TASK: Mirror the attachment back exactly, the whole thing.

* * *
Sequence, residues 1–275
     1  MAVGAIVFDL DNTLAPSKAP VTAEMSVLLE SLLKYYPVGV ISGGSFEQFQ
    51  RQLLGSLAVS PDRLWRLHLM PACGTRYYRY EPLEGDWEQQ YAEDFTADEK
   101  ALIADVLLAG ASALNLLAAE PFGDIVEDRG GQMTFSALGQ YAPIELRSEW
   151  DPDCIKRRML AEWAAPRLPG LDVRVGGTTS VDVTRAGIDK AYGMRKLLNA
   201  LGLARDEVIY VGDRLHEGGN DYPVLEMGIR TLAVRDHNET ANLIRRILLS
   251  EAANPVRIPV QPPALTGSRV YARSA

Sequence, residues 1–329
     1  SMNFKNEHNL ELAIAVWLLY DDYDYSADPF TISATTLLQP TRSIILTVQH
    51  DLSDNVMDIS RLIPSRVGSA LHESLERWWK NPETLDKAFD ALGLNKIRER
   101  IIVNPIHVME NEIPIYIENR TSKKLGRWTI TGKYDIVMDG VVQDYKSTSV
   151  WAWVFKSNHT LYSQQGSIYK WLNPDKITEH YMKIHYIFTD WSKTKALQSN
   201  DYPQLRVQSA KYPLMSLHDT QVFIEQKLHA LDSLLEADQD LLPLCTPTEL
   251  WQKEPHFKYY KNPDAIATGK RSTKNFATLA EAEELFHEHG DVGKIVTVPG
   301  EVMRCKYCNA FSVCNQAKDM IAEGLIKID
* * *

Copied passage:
Sequence, residues 1–275
     1  MAVGAIVFDL DNTLAPSKAP VTAEMSVLLE SLLKYYPVGV ISGGSFEQFQ
    51  RQLLGSLAVS PDRLWRLHLM PACGTRYYRY EPLEGDWEQQ YAEDFTADEK
   101  ALIADVLLAG ASALNLLAAE PFGDIVEDRG GQMTFSALGQ YAPIELRSEW
   151  DPDCIKRRML AEWAAPRLPG LDVRVGGTTS VDVTRAGIDK AYGMRKLLNA
   201  LGLARDEVIY VGDRLHEGGN DYPVLEMGIR TLAVRDHNET ANLIRRILLS
   251  EAANPVRIPV QPPALTGSRV YARSA

Sequence, residues 1–329
     1  SMNFKNEHNL ELAIAVWLLY DDYDYSADPF TISATTLLQP TRSIILTVQH
    51  DLSDNVMDIS RLIPSRVGSA LHESLERWWK NPETLDKAFD ALGLNKIRER
   101  IIVNPIHVME NEIPIYIENR TSKKLGRWTI TGKYDIVMDG VVQDYKSTSV
   151  WAWVFKSNHT LYSQQGSIYK WLNPDKITEH YMKIHYIFTD WSKTKALQSN
   201  DYPQLRVQSA KYPLMSLHDT QVFIEQKLHA LDSLLEADQD LLPLCTPTEL
   251  WQKEPHFKYY KNPDAIATGK RSTKNFATLA EAEELFHEHG DVGKIVTVPG
   301  EVMRCKYCNA FSVCNQAKDM IAEGLIKID